JURUPA VALLEY: Buddhist Meditation Center welcomes all – Riverside Press Enterprise

Since 1997, the Suddhavasa Buddhist Meditation Center has quietly grown its congregation from a founding group of 20 practitioners of Thai Buddhism to an estimated 2,000 members who flock to the center from as far away as North Hollywood, Glendale and Long Beach.

Presided over by Abbot Phrakhrusrividesdhammakhun with five monks to assist him, the center is located in a residential Glen Avon neighborhood at the foot of the Jurupa Mountains in Jurupa Valley.

Its mission is to foster a peaceful environment for learning, practicing and experiencing the teachings of the Buddha to Inland residents, the Abbot said.

The center hosts a class every Saturday to teach the proper way to meditate, which Buddhists believe is a way to discipline and purify the mind. Regular services are held Sundays.

“We practice the peaceful way,” the Abbot said. “When you do good, you get good. When you do bad, you get bad.”

To accommodate the center’s growth, work has begun on a new worship hall. The 12,000-square-foot, two-story building, which will sit at the rear of the 3.46-acre property, will have a meditation hall, a library and classrooms.

The $ 3.5 million project is expected to be completed in about two years.

The Abbot attributed the center’s growth over the past 14 years to the congregation spreading the word to friends and family members.

That was the case with Corona resident Janpen Schalbe who was on hand for the center’s Dec. 4 celebration of Thai King Rama IX’s 84{+t}{+h} birthday. She has been worshipping at the center for about three years.

“I heard about the temple from a friend,” she said. “The center feels like home. When we come here, we feel like we’re home in Thailand.”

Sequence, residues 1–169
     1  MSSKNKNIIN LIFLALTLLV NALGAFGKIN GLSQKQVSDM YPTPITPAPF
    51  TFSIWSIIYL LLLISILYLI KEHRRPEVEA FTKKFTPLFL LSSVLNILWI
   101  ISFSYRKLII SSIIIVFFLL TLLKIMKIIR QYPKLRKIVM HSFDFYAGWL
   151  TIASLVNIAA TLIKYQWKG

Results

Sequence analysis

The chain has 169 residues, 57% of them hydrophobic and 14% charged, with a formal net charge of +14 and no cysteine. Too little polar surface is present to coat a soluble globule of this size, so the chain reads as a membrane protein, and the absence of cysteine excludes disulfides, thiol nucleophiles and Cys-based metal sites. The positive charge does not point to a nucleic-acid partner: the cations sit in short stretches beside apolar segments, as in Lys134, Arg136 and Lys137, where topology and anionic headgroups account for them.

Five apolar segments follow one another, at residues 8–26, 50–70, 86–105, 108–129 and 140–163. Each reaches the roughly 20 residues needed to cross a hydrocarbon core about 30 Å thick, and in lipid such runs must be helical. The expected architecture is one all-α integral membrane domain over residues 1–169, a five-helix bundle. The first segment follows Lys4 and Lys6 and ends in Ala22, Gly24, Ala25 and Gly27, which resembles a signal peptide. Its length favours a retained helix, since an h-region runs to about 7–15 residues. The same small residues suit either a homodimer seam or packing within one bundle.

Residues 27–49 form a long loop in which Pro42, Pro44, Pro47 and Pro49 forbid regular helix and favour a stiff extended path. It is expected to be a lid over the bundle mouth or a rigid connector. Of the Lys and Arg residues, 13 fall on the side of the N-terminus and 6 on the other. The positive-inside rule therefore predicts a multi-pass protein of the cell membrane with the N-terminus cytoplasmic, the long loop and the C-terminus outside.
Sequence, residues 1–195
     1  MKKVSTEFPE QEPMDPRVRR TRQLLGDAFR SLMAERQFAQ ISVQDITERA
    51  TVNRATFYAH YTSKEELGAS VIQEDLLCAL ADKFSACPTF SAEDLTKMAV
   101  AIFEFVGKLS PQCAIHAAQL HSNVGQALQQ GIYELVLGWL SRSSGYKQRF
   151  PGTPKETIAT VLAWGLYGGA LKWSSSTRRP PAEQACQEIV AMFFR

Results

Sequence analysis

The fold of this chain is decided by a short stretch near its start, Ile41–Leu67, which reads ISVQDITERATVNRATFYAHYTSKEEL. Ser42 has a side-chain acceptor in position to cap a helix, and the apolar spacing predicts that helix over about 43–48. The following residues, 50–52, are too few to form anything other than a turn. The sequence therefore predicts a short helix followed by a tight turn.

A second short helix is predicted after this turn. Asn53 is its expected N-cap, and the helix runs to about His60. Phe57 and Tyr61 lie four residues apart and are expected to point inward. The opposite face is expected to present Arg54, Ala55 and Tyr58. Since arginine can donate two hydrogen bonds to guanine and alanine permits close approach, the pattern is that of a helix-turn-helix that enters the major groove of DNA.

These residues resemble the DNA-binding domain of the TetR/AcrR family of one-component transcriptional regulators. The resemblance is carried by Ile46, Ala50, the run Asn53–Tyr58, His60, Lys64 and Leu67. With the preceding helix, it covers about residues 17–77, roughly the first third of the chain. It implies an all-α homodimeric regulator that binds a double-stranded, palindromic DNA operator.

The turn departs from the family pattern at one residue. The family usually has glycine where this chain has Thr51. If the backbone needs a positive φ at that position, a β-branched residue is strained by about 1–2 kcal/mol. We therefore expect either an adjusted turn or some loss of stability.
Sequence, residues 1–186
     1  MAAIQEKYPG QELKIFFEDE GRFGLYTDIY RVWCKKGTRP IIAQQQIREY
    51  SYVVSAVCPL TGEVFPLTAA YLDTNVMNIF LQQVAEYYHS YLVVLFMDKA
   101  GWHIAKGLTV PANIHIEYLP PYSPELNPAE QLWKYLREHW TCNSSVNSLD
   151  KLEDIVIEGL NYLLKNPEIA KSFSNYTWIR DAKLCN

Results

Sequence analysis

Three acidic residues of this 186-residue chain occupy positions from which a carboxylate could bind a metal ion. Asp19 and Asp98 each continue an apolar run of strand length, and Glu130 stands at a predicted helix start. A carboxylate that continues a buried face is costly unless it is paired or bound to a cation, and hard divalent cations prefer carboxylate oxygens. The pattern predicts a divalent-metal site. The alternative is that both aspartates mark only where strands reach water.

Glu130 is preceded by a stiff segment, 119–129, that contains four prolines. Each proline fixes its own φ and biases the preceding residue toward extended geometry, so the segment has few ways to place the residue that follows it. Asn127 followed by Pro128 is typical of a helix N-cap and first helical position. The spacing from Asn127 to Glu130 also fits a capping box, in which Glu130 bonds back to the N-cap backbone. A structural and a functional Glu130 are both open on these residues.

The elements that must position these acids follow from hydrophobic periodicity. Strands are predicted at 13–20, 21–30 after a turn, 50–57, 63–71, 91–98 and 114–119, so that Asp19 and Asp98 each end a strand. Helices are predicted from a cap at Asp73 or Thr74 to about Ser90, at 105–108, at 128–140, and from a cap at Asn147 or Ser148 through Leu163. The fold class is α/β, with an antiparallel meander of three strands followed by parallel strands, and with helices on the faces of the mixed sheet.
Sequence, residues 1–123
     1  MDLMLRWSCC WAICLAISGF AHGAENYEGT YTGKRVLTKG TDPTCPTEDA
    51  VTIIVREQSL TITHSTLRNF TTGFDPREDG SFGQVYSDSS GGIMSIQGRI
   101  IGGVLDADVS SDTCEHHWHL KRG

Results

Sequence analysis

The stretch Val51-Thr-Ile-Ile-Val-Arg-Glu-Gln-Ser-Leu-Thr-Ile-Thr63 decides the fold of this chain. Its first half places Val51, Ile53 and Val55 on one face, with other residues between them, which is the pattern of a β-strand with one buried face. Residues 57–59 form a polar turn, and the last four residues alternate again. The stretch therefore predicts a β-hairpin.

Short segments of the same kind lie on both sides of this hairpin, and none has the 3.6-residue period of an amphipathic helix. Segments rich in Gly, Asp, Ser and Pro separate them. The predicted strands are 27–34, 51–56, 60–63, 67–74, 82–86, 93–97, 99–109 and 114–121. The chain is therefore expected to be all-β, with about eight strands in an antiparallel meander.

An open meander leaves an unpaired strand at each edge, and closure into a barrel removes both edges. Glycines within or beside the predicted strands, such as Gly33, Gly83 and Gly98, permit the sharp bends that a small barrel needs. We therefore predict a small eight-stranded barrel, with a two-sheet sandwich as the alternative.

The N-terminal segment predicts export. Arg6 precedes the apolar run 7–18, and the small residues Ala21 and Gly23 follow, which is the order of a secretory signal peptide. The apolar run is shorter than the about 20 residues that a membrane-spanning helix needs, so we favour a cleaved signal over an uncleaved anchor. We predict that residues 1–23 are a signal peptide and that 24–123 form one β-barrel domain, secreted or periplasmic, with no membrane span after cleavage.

Schalbe said the Abbot welcomes everyone to the center, whether they practice Thai Buddhism or not.

“He’s very easy to talk to,” she said. “He understands people.”

Redlands resident Jay Rogers expressed similar sentiments. Rogers is not a Buddhist but has attended services with his wife Laddawan for the past three years.

“The people here are very accepting. They don’t seem to judge,” Rogers said

Loma Linda city manager T. Jarb Thaipejr has been attending services at the center since 2000 and is overseeing construction of the new facility.

Like several other projects, planning for the new worship center has been impacted by the recent incorporation of Jurupa Valley. Although the project has been approved by Riverside County, building permits will be issued by the city of Jurupa Valley.

Thaipejr said he does not foresee any problems getting those building permits.

The Abbot said the center has co-existed with the surrounding homes for 14 years with no problems or disputes. The center provides ample parking and presses upon its congregation the need to keep the surrounding area clear of cars.

“We have very good neighbors,” he said. “We get along with them and they’ve been very supportive.”

Councilman Brad Hancock, who is responsible for inviting clergy to lead the invocation before City Council meetings, said he extended an invitation to the monks and they responded.

A monk came before council members and led a chant espousing friendship and co-existence.

Hancock also said he did not foresee any problems with the center getting its building permits.

“Why would there be? There’s room for everyone in Jurupa Valley,” he said.

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Meditation to Discover Source ~ 30min Audio Only

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